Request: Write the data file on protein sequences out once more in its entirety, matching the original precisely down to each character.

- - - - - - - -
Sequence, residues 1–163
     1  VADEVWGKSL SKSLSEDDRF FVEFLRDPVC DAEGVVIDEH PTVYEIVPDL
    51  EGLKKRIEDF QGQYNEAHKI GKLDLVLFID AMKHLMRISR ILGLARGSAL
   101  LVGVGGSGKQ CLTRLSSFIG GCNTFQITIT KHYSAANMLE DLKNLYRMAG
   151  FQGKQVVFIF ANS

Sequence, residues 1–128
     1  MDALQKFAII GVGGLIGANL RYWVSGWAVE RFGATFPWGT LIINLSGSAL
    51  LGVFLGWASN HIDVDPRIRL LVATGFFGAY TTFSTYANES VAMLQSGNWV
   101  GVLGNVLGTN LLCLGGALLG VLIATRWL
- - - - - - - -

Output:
Sequence, residues 1–163
     1  VADEVWGKSL SKSLSEDDRF FVEFLRDPVC DAEGVVIDEH PTVYEIVPDL
    51  EGLKKRIEDF QGQYNEAHKI GKLDLVLFID AMKHLMRISR ILGLARGSAL
   101  LVGVGGSGKQ CLTRLSSFIG GCNTFQITIT KHYSAANMLE DLKNLYRMAG
   151  FQGKQVVFIF ANS

Sequence, residues 1–128
     1  MDALQKFAII GVGGLIGANL RYWVSGWAVE RFGATFPWGT LIINLSGSAL
    51  LGVFLGWASN HIDVDPRIRL LVATGFFGAY TTFSTYANES VAMLQSGNWV
   101  GVLGNVLGTN LLCLGGALLG VLIATRWL